Again, the town forum on Hate was a good dialog, but the statistics quoted ate a little tough. It dies point out racism that we need to battle locally, but it also shows the importance of clarifying statistics. The FBI Hate Crime Statistics are voluntary. Washington, California, and New York cover virtually 100% of their population and policing agencies. Alabama and Arkansas (the lowest number of Hate Crimes) report very small percentages of their crimes. If we use the same logic, Alabama apparently has a very effective management of hate crimes.

      This is not downplaying the importance of transparency locally (in the Edmonds Jurisdictions for 2019 there were zero crimes reported) but it does show the importance of making sure that you accurately reflect what is being reported. To say that we rank in the top 3 is somewhat misleading. Even the FBI website says not to use the data for comparing. Again, not downplaying that racism and bias and sexism and ageism do not exist, just the importance of the fine print.

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  6. What an excellent factual and objective comment Ken. Thank you very much for all of the detailed background on this.

    It sounds like AFM and Laura Johnson are just forcing a delay in this project for disingenuous virtue signaling. There is certainly no reason why people of color would not be able to use the new updated Civics Field, and for them to say so is frankly racist in and of itself. In addition, there have been multiple parks that have been revitalized near highway 99 recently including Esperance Park and South Lynwood Park.

    You are not going to get the land for a park the size of Civics Field along highway 99 unless you displace a significant number of businesses and/or homes of the people living their for their ‘benefit.’ The truth really is that AFM is doing this stunt for the benefit of no one but herself in a vain attempt to show something of value for her fledgling and disgraced campaign.

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    1. Thanks Evan,

      I am thankful Councilmembers Adrienne Fraley-Monillas and Laura Johnson were unable to further delay or possible halt construction of Civic Park.

      One thing to add to the conversation is the impact of Esperance on the City’s ability to own park land near the Highway 99 Corridor. Esperance is an enclave within our city limits that totals 0.7 square miles. An internet search indicates population is 3,601.

      Great point about displacement. A review of the City’s zoning map indicates the City of Edmonds would have to purchase land zoned Commercial or Residential to build a park or parks near the Highway 99 Corridor. I believe the Commercial Property along Highway 99 is very efficient in producing tax revenues for the City. The Residential Property in that vicinity benefits from proximity to public transportation. Furthermore, any purchase of Residential Property for parks or open space may have a negative impact on Affordable Housing.

      These are all complicated issues. I do not envy the challenges our City Councilmembers face. At the same time, I do not think City Council’s challenges are helped by a Councilmember making a seven-minute comment during a Council Meeting that is not specific to the item on the agenda. Why did Mayor Nelson wait until Councilmember Laura Johnson finished her lengthy comments to point this out?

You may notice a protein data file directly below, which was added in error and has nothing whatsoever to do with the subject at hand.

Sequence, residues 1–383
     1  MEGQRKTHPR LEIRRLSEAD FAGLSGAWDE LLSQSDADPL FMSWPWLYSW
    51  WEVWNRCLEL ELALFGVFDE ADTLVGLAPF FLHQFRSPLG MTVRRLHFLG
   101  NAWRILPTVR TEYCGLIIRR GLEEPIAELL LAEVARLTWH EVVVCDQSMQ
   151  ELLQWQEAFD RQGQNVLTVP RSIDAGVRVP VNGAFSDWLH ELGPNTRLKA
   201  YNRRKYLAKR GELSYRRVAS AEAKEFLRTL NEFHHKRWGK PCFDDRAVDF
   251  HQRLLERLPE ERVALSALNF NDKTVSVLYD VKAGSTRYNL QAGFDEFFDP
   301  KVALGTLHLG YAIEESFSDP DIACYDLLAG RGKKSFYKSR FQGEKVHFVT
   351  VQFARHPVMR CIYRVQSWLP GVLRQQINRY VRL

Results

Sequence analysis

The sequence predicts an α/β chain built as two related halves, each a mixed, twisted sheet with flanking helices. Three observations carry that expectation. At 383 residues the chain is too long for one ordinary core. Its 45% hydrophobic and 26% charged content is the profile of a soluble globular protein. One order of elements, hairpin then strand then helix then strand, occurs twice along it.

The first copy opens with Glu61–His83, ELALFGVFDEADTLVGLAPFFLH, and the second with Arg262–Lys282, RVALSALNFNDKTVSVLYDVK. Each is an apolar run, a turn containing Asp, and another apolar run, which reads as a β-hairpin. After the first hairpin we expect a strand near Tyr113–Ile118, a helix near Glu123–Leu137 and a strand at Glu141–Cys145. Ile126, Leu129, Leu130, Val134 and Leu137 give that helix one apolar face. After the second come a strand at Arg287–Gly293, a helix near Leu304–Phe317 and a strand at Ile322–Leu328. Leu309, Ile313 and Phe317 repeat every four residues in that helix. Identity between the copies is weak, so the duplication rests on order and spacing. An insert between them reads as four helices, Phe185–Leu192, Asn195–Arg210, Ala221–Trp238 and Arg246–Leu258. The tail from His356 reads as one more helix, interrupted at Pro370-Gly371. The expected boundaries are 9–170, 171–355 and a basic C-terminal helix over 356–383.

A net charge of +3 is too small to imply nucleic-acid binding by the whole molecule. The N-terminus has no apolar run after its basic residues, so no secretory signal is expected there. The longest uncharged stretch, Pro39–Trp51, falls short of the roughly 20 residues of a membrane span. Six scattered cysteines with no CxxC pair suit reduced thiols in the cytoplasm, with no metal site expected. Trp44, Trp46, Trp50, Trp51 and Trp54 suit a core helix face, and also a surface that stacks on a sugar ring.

The introduction of equity questions late in the Civic Park process resulted in inefficiencies approving a low bid contract. Was this the best time and place to discuss this topic? All know Council has much to accomplish. For example, corrections to Chapter 6.60 ECC voted off the agenda on September 15, 2020 and left in some mysterious, unfinished status. Chapter 6.60 ECC is titled Disaster Preparation, Emergency Coordination, and Civil Emergencies. This Chapter of the Code impacts all of us. City Council has known it contains errors for a long time.

      The September 15, 2020 City Council Meeting Agenda also documents that “The Comprehensive Emergency Management Plan (CEMP) is due to be updated this year”. The CEMP has not been updated and it is now July 15, 2021.

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    2. Great points Evan. A landlocked neighborhood, fully built out, surrounded by large retail.spaces along two retail corridors, well that’s a difficult situation.

      I particularly agree that AFM’s stance was virtue signaling and simply a dog whistle. Laura brought light to issues after listing off all of the amenities (over the past 50 or 60 years have been developed in Edmonds) that her neighborhood enjoys. Perhaps it was an oversight by previous administration’s (I believe Ballinger area was annexed much later) to secure land for parks and recreation, I don’t know. I just don’t see AFM bringing practical solutions. Council has moved.forward with future improvements in that area, Highway 99 improvements are significant dollars to both sides and address many of the issues, and frankly, the only substance to AFM’s approach is to align with large regional political groups, spew unfounded garbage, and then blame it on everyone else for not making a difference. I know another candidate that will be my choice.

      Laura Johnson, again, thank you for your decorum and your vote to move forward with Civic Field.